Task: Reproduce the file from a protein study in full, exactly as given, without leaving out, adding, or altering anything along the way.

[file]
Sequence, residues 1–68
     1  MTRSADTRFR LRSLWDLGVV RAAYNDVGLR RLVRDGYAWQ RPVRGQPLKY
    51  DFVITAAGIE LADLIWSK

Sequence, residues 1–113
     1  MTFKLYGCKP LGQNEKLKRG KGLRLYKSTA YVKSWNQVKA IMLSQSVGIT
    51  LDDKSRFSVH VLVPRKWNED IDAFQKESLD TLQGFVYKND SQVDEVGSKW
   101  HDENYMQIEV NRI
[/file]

Sequence, residues 1–68
     1  MTRSADTRFR LRSLWDLGVV RAAYNDVGLR RLVRDGYAWQ RPVRGQPLKY
    51  DFVITAAGIE LADLIWSK

Sequence, residues 1–113
     1  MTFKLYGCKP LGQNEKLKRG KGLRLYKSTA YVKSWNQVKA IMLSQSVGIT
    51  LDDKSRFSVH VLVPRKWNED IDAFQKESLD TLQGFVYKND SQVDEVGSKW
   101  HDENYMQIEV NRI